On the eve of the Muharram holidays on the 23rd and 24th of October 2015, asking cotton prices mostly held their earlier high levels even though business reportedly remained scant at the prolonged weekend. Steadiness in cotton prices was ascribed to the concern of the domestic spinners regarding shortage of the current crop (August 2015 / July 2016). Traders said in Karachi the domestic mills have booked considerable quantities of cotton for import from West Africa, Brazil, United States and India.
Yarn prices have generally not been doing well locally. Upon sustained demand from the All Pakistan Textile Mills Association (APTMA), government last week imposed a Regulatory Duty (RD) on the import of yarn. The imposition of RD on the import of yarn has been hailed by APTMA but is being strongly opposed by the several Value-added Textile Associations.
The Pakistan Cotton Ginners Association (PCGA) released its seed cotton (Kapas/Phutti) arrivals report for the current season on the 18th of October 2015 which shows seed cotton arrivals till the 15th of October 2015 to be 4,663,876 lint equivalent bales from which the domestic mills have lifted 3,103,607 bales. Exporters have picked up 297,540 bales while 1,262,729 bales remained unsold with the ginners in both loose and packed form.
Seed cotton prices in Sindh are said to have ranged from Rs 2600 to Rs 3000 per 40 Kgs on Thursday, while in the Punjab they reportedly ranged from Rs 2800 to Rs 3100 per 40 kilogrammes. Lint prices in Sindh reportedly ranged from Rs 4800 to Rs 5500 per maund (37.32 Kgs), while in Punjab they are said to have ranged from Rs 5300 to Rs 5600 per maund, according to the quality.
It is now estimated that total cotton output in Pakistan during the current season (August 2015 / July 2016) may be about 12 million bales (155 Kgs) on an ex-gin basis. Mills consumption during current season is estimated to be about 14.5 million bales. Imports may be about two million bales while the exporters may ship about half a million bales.
Last week Mian Mohammad Abdullah, a well known and highly regarded Pakistani textile magnate with large investments in energy and various other sectors, inaugurated the library bearing his name which he has donated to the prestigious Institute of Business Administration (IBA), Karachi. Mian Abdullah is the Chairman of Sapphire Group of Companies.
The library is a state-of-the-art facility which also contains several modern inputs and equipments which will be highly beneficial to the student community and other scholars. Dr Ishrat Husain, Dean and Director of IBA, welcomed the Chief Guest. The library can accommodate 450 students and has a functional design for students up to the doctoral level.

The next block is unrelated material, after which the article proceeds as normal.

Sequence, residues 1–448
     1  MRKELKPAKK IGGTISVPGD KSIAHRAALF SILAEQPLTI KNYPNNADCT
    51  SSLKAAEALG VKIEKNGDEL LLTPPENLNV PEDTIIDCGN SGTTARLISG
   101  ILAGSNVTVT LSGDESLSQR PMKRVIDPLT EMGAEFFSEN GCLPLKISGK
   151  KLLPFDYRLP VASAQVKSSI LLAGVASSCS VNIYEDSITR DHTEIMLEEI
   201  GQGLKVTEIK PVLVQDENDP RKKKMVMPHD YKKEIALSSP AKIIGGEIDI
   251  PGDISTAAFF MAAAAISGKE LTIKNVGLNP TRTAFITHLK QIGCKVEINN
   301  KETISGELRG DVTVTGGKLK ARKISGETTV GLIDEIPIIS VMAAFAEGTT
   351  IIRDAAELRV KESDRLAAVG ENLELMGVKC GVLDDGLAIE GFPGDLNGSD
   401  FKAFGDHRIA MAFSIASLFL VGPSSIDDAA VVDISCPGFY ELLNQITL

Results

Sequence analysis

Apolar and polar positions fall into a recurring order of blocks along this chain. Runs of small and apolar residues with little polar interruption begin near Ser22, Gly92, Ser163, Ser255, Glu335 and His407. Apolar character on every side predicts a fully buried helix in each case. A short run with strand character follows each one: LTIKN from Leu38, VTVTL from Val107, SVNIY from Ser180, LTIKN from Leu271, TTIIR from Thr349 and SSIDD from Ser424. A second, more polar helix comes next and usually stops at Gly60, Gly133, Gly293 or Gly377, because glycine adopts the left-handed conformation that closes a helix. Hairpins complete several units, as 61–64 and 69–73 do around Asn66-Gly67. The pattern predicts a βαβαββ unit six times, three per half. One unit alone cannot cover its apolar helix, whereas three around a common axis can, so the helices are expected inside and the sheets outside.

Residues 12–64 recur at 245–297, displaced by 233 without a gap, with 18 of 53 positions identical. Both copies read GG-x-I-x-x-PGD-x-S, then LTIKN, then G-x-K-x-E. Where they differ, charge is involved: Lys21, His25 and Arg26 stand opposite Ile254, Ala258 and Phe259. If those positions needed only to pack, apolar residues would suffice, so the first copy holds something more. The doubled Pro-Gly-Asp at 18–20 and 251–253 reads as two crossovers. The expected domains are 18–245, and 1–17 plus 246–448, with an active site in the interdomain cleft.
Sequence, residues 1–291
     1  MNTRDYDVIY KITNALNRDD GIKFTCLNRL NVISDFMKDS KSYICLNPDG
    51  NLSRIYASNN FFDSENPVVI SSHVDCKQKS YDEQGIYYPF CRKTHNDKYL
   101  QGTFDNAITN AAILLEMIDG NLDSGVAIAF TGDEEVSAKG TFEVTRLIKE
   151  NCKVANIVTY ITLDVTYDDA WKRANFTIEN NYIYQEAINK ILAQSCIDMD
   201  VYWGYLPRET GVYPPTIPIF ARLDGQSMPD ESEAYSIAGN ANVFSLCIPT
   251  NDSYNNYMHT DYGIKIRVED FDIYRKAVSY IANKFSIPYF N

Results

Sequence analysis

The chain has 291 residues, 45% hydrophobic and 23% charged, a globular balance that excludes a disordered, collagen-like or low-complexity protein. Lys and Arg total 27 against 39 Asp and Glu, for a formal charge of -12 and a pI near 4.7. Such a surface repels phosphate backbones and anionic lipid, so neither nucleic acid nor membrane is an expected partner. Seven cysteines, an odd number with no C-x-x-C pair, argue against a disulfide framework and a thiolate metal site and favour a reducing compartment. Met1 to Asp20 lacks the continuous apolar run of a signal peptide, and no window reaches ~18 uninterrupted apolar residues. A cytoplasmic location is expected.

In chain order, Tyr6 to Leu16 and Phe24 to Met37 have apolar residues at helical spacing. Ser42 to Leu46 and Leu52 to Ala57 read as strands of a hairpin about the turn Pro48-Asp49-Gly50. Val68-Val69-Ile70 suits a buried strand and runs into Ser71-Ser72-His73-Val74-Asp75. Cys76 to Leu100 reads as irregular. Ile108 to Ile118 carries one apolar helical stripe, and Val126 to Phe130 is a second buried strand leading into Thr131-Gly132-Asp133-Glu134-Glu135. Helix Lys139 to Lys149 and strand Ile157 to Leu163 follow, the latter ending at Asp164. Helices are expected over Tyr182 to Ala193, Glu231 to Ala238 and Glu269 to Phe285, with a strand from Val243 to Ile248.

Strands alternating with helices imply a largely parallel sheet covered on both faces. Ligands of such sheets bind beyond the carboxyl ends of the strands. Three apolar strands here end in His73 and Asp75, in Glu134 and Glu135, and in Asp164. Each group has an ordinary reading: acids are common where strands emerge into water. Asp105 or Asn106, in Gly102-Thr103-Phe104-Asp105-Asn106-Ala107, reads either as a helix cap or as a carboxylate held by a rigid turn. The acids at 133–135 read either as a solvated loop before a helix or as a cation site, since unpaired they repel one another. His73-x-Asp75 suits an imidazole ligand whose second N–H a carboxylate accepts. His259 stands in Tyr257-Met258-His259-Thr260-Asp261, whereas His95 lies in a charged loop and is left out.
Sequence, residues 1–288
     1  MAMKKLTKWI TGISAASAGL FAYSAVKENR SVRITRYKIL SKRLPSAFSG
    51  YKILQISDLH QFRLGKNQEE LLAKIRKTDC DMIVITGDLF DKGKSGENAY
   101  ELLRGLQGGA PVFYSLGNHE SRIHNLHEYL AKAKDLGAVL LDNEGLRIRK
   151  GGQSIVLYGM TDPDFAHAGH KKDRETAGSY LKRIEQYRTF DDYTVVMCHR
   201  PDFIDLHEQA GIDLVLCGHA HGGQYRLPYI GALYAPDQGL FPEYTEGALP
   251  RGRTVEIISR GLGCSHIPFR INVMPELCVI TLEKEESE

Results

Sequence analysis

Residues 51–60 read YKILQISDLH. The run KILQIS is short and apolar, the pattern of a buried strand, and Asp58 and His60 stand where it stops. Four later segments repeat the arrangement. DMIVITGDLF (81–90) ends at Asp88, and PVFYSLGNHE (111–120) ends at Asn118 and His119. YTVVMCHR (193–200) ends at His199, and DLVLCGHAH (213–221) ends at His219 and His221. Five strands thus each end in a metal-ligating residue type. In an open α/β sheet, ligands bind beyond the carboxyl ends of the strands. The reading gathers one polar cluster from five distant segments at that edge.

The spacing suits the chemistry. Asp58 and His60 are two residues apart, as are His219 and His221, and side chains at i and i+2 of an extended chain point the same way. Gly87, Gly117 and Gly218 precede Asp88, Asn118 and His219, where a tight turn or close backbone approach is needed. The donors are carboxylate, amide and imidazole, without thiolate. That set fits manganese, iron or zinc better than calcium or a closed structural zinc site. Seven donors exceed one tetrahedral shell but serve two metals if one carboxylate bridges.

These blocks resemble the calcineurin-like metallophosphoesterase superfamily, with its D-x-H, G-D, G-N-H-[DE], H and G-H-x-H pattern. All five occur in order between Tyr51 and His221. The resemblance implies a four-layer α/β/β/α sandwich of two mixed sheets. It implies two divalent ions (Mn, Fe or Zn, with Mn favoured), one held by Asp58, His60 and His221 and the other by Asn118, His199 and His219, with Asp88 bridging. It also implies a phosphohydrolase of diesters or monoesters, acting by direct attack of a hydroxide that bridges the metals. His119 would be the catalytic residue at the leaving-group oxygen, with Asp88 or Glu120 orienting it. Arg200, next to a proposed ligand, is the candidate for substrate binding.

On the global economic and financial front, volatility reigns supreme which in turn is giving highly uncertain signals regarding the health of the world’s economy. The outgoing calendar year (2015) was deemed by several economists, analysts and commentators as being the year which would at least start providing some positive progress which would eventually put the global economy on a path to revival. However, the year 2015 has turned out to be singularly disappointing and distressing.
To begin with, the year 2015 started with the hope that with the presumed economic progress in America, the Federal Reserve would increase the interest rates which would in turn imply that the global economic condition could also start to improve simultaneously. Then reports were received that the Chinese growth had fallen to 6.9 percent, one of lowest in several years. As time progressed, the weakness of the Chinese economy turned more manifest and became responsible in the slowdown of economies in many parts of the world.
As China is the second largest economy in the world, it consumes large quantities of sundry raw materials and commodities. With the fall in economic growth of China, the producers of several commodities and raw materials from crude oil, gold, silver, iron ore, copper to several agriculture products saw prices of these items fall sharply. Thus several countries like Australia, Russia, Canada, Brazil and South Africa saw their economies lunge to lower levels.
The decline in commodity prices also hit the Middle East including Saudi Arabia and the United Arab Emirates, the United States whose oil production has risen in recent years, Iran and some other countries. That bust in commodity prices further flattened the global economy.
Another prime sector of the global economic infrastructure which has suffered large damage is the banking sector. The credulity and confidence in the banking sector have been damaged largely, which has also hit the global economic mechanism substantially.
Volatility on the shares markets and bourses has remained unusually high over the past several years. In fact, it has undermined the confidence of investors significantly. Indeed new investments are not progressing at all due to the shaky stock markets which have failed to provide credible signals pertaining to the global economy.
Thus we have observed that all is not well on the global economic front. Just like the United States Federal Reserve Bank, the European Central Bank (ECB) has left its key interest rate unchanged at 0.05 percent. Moreover, the ECB is later expected to express its readiness to step up its 1.1 trillion Euros stimulus package. No less than the US presidential candidate Donald Trump has said that the stock market is in the midst of a bubble and he is concerned about this serious situation. He feels that people are being forced to invest in an inflated market and at some point they will get badly hurt.